When we work with clients on data governance initiatives, we ask them to answer a series of questions to start their assessment, including:

  • How would you assess your data quality? Are there known data quality concerns?
  • Do different business units have different definitions/values for the same metric/KPI?
  • Is data lineage known and documented? By being transparent and defining data lineage, everyone who uses the data knows the who, what, and where behind it. This will ensure the integrity and trustworthiness of your data across the organization.
  • Does the business have ownership of data, or does IT?
  • How do discrepancies with KPIs and metric definitions get resolved today?

4.) Determine the “Right” Level of Data Governance:

There isn’t a one-size-fits-all approach to data governance and there are several factors that will determine the right level for your organization. The program you implement will vary depending on the:

  • Size of your organization and complexity of your data.
  • Resources—time, staff, and funds—you can make available.
  • Level of regulatory requirements within your industry.

Start small and iterate. Don’t attempt to govern every aspect of your data. Start with two to four business areas that are most interested in helping with data governance and begin by looking at the data subject areas that they’re most interested in. Form working groups right from the start so that the main work of data governance can be accomplished in small groups and the larger committee meetings can be focused on holistic progress and setting direction for the working groups. Keep in mind that data governance needs to be practical, maintainable, and proportional:

  • The level and intensity of data governance should scale with your organization’s size, needs, risks, maturity, and capabilities.
  • It should align with your data strategy roadmap.
  • It should set realistic expectations of what business stakeholders will be able to contribute to the program.

Your data governance program should blend into everyday operations—increasing adoption and reducing maintenance.

5.) Automate Data Governance:

This is where technology can help, and you may already have the tools to get started. Look into how you can automate data lineage in an existing ETL tool—for example, dbt includes a baked-in lineage feature that you can use. It also allows for embedding metric definitions and auditing tests. You can automate back-end monitoring by adding extra coding in your existing data transformation tools. Or you can automate KPIs and scorecards right within your existing BI platform. There are also specialized data governance tools on the market that can help with front-end business rules automation such as Atlan, Collibra, and Alation just to name a few.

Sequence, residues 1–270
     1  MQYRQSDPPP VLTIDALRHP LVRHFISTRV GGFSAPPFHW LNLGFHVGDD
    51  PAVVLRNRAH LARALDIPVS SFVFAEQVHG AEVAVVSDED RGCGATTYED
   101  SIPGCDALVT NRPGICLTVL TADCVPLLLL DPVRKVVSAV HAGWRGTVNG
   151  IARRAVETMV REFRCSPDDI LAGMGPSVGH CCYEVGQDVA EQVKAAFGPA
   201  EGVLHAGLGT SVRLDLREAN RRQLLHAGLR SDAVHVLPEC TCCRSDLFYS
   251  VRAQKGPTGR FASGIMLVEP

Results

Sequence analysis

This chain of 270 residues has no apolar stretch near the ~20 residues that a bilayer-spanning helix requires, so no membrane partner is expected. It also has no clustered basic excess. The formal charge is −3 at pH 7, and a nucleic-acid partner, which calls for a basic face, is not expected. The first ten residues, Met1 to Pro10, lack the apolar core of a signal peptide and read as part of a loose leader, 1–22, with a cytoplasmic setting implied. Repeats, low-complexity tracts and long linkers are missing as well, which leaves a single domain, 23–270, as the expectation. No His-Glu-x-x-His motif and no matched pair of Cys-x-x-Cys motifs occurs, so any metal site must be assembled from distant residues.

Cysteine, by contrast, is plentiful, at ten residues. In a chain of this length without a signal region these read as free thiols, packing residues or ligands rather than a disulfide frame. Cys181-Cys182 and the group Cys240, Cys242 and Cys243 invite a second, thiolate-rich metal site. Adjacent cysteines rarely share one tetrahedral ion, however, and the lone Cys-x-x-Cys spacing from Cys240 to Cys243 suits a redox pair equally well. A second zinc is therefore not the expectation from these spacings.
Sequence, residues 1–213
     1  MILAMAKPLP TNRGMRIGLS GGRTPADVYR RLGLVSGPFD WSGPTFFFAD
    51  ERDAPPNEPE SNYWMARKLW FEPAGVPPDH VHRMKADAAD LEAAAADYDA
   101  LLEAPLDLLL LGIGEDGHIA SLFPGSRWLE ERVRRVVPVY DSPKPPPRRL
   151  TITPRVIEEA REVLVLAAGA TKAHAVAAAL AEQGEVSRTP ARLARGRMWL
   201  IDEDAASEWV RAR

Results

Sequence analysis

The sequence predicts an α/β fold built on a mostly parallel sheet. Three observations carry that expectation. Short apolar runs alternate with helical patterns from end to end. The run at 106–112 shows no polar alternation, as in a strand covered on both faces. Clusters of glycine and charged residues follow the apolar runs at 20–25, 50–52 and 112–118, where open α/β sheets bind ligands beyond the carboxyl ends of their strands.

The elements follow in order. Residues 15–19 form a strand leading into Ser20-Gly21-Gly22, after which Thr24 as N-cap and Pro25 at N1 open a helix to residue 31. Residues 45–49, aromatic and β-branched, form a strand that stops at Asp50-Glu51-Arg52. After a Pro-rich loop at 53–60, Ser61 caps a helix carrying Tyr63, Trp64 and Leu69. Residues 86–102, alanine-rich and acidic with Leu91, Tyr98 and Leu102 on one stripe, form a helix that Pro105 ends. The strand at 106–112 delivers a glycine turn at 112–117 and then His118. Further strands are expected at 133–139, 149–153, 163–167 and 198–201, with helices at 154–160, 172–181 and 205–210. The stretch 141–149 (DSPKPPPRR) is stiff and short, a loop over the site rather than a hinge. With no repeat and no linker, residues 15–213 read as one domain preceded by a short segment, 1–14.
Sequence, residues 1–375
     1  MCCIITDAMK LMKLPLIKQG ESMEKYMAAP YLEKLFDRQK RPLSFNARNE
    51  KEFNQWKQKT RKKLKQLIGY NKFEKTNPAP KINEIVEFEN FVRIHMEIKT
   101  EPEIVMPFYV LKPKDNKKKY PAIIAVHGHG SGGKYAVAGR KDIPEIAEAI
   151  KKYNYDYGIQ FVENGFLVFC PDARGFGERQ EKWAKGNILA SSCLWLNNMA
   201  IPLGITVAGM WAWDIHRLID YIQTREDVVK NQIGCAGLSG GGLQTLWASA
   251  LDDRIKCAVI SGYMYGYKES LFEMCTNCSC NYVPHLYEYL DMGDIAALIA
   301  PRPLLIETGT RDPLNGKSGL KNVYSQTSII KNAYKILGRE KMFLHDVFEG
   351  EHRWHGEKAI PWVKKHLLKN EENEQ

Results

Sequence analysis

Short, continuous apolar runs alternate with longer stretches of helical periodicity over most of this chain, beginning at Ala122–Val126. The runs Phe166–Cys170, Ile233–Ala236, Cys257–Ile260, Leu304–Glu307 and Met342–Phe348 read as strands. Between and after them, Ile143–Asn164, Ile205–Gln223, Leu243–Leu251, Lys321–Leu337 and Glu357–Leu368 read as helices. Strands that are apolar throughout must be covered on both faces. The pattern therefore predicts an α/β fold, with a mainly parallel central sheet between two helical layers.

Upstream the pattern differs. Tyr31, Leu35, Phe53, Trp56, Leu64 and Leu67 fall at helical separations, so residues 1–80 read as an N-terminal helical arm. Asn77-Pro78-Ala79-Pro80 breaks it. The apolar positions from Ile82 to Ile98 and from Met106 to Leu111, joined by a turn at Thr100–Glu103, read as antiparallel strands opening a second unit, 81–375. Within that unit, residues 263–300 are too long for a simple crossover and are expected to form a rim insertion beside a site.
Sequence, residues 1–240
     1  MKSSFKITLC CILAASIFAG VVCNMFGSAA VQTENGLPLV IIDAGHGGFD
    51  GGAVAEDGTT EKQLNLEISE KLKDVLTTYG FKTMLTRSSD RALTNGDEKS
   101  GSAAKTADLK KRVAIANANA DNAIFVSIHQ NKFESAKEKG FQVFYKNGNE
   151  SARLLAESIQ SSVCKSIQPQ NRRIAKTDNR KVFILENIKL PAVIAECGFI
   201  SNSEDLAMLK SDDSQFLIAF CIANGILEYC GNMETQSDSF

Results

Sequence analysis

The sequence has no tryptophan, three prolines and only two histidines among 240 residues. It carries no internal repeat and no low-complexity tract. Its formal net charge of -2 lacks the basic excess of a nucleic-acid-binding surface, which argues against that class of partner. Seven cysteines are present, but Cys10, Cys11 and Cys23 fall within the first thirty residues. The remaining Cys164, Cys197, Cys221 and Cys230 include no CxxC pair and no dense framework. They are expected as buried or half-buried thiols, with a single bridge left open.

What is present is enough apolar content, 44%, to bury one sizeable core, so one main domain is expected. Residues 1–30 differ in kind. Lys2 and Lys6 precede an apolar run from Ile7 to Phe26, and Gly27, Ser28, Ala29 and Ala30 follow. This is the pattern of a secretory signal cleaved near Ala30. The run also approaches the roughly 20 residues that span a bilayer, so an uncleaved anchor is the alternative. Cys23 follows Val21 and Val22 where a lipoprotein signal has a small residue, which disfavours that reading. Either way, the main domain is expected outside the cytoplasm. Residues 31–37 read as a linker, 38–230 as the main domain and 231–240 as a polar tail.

6.) Focus on People and Process:

Although there are technologies that will enable—or make easier—your data governance efforts, technology alone cannot lead to a successful data governance program. People and processes drive its success. Start by treating data governance like an actual program and not a project with start and end dates.

  • Determine the core list of what data governance will accomplish.
  • Identify processes that will be required to achieve those goals.
  • Identify where holes may exist in those processes.
  • Determine the organizational functions required to carry out data governance activities.

Make sure there is on-going support as your program expands and remember that each new component will require initial effort and then be folded into existing processes. Whether you are ready to invest in a data governance technology yet or not, it is a requirement to identify and plan for the people and processes which will govern your data assets. This foundational work will also speed up the implementation of a data governance tool if that is planned for a later date.

7.) Establish a Data Governance Committee:

Data governance activities are likely already happening within your organization in a less formal or undocumented fashion. Identify the people in the business who are doing this kind of work and form a data governance committee or add data governance responsibilities to an existing committee. The committee should include staff from a variety of business units whose purpose is to establish clear data definitions, develop comprehensive policies, oversee documentation by which internal business units collect, steward, disseminate, and integrate data on behalf of the organization. Your data governance committee should include data owners and data stewards.

8.) Roll-out and Sustain:

The data governance team should be dedicated to upholding the goals of the data governance program. Until data governance is totally internalized and ingrained, you must manage the transformation from non-governed data assets to governed data assets. Once the plan is rolled out and the change management plan is executed, the data governance framework should be continually evaluated for effectiveness. Use the metrics you defined in your data governance framework to assess performance on a scheduled basis.

Data governance is not self-sustaining; your organizational goals, the marketplace in which you do business, and your sources of data are going to constantly evolve, so be willing to adapt your data governance program as needed.

And finally, for your data governance program to be successful, you need to drive user adoption and that can only happen if you treat change management as part of the program. Attach the program to business objectives and on-going projects, clearly communicate the changes and how it affects the business users, explain their roles throughout the process, provide appropriate orientation and training around data literacy, and most importantly, celebrate wins—big or small.

Implementing a data governance program is a cultural shift within the organization. And for the implementation to be successful, you need a data governance framework that is easy to follow, easy to understand, and easy to communicate.